The secret of the Western—as Jane Campion’s “Power of the Dog” shows—is that its mythology nurtures a queer fantasy, hiding in plain sight.
Does Netflix’s “Lupin” resist the notoriously white milieu of European high culture, or, instead, endorse it?
Autofiction like Burnham’s—or Wallace’s, or Lerner’s—show white men using irony, self-deprecation, and vulnerability. Should we listen?
At its core, noir is a feeling: realizing one’s own helplessness, when faced with the vast networks of power that control everyday life.
“I don’t quite know what Murphy means by baroque or what he means by camp, but Murphy has never been able to discern tone.”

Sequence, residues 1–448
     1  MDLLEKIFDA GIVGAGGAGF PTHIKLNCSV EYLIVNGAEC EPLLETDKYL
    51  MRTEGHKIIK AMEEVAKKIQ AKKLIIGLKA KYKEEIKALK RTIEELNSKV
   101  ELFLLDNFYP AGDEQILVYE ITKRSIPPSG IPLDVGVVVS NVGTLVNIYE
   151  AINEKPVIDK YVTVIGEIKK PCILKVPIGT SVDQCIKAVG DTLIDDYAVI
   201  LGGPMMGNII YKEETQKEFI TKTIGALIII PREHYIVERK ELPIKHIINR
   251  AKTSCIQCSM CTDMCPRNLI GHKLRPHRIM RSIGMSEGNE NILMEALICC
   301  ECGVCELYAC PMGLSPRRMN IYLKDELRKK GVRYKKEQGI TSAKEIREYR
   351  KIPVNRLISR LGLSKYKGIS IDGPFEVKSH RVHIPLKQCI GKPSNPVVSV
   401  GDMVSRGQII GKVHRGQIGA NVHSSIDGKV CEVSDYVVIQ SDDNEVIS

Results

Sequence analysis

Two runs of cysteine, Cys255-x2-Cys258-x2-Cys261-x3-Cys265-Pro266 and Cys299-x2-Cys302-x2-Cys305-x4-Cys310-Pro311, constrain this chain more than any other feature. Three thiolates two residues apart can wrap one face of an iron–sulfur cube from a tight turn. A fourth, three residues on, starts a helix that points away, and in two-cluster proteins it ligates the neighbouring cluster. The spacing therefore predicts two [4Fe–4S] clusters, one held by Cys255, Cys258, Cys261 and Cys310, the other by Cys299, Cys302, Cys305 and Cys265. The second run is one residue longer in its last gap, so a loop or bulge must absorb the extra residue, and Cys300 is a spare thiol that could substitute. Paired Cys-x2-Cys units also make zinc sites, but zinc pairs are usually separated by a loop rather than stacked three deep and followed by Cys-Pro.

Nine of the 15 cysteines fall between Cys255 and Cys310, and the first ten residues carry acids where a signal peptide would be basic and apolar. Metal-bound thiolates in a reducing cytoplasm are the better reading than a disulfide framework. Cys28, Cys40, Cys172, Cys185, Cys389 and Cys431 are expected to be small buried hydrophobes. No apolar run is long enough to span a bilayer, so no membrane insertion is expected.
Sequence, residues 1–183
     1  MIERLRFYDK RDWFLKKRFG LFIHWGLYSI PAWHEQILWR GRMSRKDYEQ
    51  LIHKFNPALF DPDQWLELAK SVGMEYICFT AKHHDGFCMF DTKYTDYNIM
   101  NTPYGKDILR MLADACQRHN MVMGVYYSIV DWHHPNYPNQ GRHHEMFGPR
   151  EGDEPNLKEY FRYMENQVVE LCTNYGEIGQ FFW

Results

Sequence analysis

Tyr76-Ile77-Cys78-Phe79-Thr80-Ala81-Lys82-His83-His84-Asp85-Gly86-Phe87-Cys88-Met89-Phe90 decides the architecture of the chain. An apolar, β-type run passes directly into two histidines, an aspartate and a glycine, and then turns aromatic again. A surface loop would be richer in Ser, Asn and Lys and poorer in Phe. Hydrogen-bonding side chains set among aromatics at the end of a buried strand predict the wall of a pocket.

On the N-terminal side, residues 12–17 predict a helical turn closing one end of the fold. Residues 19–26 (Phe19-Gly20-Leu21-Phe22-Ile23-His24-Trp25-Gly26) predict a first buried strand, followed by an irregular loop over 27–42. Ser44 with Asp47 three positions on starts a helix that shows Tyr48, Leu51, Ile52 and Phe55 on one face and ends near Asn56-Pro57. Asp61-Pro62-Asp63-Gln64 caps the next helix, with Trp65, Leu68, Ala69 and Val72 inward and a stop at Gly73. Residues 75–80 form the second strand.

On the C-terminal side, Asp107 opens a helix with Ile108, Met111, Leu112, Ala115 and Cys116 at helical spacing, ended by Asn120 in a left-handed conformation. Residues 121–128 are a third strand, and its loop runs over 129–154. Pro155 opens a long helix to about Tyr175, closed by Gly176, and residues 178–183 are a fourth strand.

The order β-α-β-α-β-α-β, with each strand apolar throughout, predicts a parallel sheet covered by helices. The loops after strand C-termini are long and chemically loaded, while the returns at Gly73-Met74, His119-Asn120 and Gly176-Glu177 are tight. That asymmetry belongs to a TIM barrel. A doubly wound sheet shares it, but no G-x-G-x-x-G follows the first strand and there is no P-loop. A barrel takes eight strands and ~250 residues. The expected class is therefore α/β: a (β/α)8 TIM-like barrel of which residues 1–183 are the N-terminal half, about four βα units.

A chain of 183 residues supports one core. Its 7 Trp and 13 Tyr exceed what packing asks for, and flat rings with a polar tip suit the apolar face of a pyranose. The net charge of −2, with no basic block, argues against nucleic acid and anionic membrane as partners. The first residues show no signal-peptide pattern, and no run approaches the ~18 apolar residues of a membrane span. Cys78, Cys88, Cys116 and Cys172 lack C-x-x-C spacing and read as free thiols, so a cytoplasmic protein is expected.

The show portrays a racially diverse society, but papers over white-supremacist interracial sexual assault and violence. Was there another way?
Netflix Brazil’s 3% presents a desperate future city that nevertheless proclaims its citizens all have an equal shot at success. Sound familiar?
What if comfort TV brought no comfort? Even the most innocuous shows can transform into horror, when the monster of racism bursts onto the scene.
While some progress has been made, TV is still trying to figure out how to tell the stories of male-identified rape survivors.
Female killers are all the rage in literature and television. My Sister, the Serial Killer, for example, has caused a stir in the literary world. Killing Eve boasts a large ...
In the early 1980s, an Indian guru homesteaded a tract of ranchland in rural Oregon, building a utopia equipped to withstand both HIV and American hypocrisy. Armed with free love and even freer ...